Category Archives: tcp-ip

IP Identification why zero?

I must say that network troubleshooting is not an easy task. Especially if you need to analyze thousands of packets in packet captures or lines of flow traces. IP ID is a field I use to compare captures taken at different segments most of the time. Also it is a crucial field for me to find the right packet in the flow trace. I didn’t know that this field can be zero till I notice it in a flow trace. Following captured packet is a SYN-ACK segment from a Linux box. ip_identification_zero

and Identification field is 0. If you have multiple SYN-ACKs from the same source your Seq,Ack numbers will also be the same which means you have literally no way to distinguish two packets apart from timing. I have searched for a way to disable this zero ID feature to make it unique in Linux but there doesn’t seem to exist any way. When I was searching some documentation to find the reason for this zero ID, I have found a very recent RFC Updated Specification of the IPv4 ID Field. Here is the text that I really didn’t like on this RFC;

RFC doesn’t enforce anything on the value and also states that originating source MAY set the field of atomic datagrams to any value. RFC also touches on the performance impact of uniqueness of ID field for a given source/destination.

In my humble opinion, this field should never have zero value at least not for me:) and Linux should have a sysctl switch to disable this behaviour.

Especially if you have an IPSEC VPN connection and you need to take a packet capture, you have almost no way to make a comparison between packet captures. Wouldn’t it be nice temporarily copy ip identification field value to the outside header of an ESP packet or a way to let the troubleshooter match the clear text packet and encrypted one. It would be terrific!

IPsec TCP-MSS, DF-BIT and Fragmentation

In my previous ipsec troubleshooting post, I haven’t talked about how we approach performance issues. Which is probably not a JNCIE-SEC topic but this is a very important topic for the real networks.

tcp-mss-df-bit-topology2

In this topology I will examine how throughput changes between two end points of an IPSEC tunnel depending on the configuration of IPSEC tunnel.

Change 1) Setting DF-BIT to copy

An IPsec tunnel between J23 and J41 is established and no extra configuration is done. I initiate a huge 1.6GB file download via HTTP
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Port Scanner in Python

Python is a great tool to do some socket operations. I have written a piece of code by which I can scan a port range.
It is very basic and missing bunch of checks as aim is the simplicity here.

You can run the script in the following way by which you scan ports between 1 and 1024:

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When to Send an ACK Segment

During one of my experimental studies I noticed a pattern in TCP ACK’s frequency.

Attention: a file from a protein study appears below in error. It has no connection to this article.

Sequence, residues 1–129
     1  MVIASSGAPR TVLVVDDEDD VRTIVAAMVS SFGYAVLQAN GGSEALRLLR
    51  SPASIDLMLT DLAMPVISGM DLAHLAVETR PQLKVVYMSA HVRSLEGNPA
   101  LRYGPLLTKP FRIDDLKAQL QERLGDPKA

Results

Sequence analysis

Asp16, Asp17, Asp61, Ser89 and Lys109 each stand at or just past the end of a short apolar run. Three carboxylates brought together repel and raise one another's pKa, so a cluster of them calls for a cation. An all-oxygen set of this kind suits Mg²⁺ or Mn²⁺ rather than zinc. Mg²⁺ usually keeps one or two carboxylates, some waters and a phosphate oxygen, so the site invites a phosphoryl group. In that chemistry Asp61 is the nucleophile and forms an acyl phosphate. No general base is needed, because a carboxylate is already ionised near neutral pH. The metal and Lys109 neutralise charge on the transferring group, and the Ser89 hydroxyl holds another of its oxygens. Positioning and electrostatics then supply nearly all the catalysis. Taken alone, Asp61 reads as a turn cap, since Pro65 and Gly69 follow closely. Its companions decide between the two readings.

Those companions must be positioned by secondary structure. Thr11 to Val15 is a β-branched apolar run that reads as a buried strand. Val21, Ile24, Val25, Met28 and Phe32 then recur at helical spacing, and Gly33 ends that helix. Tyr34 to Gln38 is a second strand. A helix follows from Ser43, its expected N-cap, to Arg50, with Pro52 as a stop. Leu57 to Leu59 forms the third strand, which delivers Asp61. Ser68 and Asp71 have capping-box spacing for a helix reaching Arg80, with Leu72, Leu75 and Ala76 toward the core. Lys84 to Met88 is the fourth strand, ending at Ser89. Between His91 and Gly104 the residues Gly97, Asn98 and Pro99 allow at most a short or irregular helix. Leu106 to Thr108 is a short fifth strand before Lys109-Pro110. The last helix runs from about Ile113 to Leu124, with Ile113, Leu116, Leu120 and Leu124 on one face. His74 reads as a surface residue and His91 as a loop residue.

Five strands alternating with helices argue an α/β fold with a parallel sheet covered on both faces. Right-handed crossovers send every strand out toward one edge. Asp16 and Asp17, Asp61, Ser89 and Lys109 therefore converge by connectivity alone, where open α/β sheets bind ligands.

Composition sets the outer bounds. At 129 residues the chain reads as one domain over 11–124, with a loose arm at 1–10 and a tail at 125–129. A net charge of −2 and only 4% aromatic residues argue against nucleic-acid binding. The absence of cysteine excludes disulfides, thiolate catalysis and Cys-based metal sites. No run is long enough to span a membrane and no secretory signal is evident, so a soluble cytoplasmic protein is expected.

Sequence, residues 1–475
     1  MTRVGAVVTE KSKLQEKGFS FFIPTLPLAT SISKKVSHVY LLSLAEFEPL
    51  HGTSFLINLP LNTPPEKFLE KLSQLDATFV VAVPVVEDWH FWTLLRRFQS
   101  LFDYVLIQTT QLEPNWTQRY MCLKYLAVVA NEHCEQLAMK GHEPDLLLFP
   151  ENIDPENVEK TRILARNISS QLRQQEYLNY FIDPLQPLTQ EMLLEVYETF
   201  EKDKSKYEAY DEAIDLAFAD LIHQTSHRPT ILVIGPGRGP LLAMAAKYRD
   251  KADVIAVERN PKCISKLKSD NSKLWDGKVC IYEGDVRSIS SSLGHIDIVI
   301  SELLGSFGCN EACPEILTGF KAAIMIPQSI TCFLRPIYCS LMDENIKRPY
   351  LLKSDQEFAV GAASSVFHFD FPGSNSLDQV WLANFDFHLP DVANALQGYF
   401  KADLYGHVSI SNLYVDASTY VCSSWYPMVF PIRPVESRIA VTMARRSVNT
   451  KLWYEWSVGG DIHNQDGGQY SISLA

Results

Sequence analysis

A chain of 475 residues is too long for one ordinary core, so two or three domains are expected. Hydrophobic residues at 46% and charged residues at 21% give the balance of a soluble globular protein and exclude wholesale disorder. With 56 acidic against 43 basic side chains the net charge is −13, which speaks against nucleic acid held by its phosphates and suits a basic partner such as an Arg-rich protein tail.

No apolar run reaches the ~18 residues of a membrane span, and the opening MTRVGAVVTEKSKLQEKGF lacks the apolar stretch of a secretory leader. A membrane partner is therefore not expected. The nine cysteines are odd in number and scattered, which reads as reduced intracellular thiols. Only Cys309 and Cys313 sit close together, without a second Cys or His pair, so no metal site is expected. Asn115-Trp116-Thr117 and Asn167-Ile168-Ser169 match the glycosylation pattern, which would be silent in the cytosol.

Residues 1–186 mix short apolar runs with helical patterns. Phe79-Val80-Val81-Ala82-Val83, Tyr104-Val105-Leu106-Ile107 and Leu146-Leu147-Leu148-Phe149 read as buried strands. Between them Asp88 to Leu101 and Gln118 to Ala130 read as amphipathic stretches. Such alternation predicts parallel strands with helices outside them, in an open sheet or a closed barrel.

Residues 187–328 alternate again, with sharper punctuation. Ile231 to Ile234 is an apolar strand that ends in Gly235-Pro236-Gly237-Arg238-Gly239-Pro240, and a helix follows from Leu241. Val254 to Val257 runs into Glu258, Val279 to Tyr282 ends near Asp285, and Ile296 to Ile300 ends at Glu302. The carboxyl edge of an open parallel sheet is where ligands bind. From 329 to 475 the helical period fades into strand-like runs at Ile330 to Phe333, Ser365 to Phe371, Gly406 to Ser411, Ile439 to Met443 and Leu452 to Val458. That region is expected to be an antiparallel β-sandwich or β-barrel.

ACK segments are sent after receiving every 2 TCP segment. I kept asking why not 3 or 1 but 2. Then I found the answer in RFC1122 “Requirements for Internet Hosts — Communication Layers” when I was trying to find some information about delayed ACK concept. I am also quoting the related section. If you have also asked yourself, this is possibly the reason behind this pattern!

TCP fast retransmission

During analysis of my ESX server, vsphere client communication I have encountered the following packet capture. My vsphere client keeps asking for a lost segment with ACK number 1583183 for 9 times after which according to wireshark analysis TCP Fast Retransmission which is one of the ways of handling congestion is engaged.

When I check RFC2581, it says  :

TCP doesn’t wait for the re-transmission timer but isn’t this quite long to engage fast re-transmit? It is 9 duplicate acks in total. Maybe some of my duplicate acks are also lost? It might be. Anyway, it was good to check RFC once again for this retransmit incident.

Analysis of HTTP message #1

I am going to analyse a simple HTTP request response at packet level from application layer down to data link layer in this post. I took a sample packet capture by connecting to my web page which displays only “Hello World!” on an Apache web server. There are 10 ethernet frames captured and I will try to examine each frame by referencing the time value in each row. Below is the list of each packet in order. Let’s start analyzing each:

1) 0.000000 TCP connection request (SYN segment)

a) Ethernet header

This the ethernet header of our first frame. My PC’s MAC address (a8:d0:e5:b3:99:c1) and web server’s MAC address ( 00:0c:29:c0:c6:df) are clearly shown. Header also contains an EtherType field which indicates the type of the payload in the upper layer. In our example 0x0800 stands for IPv4 protocol.

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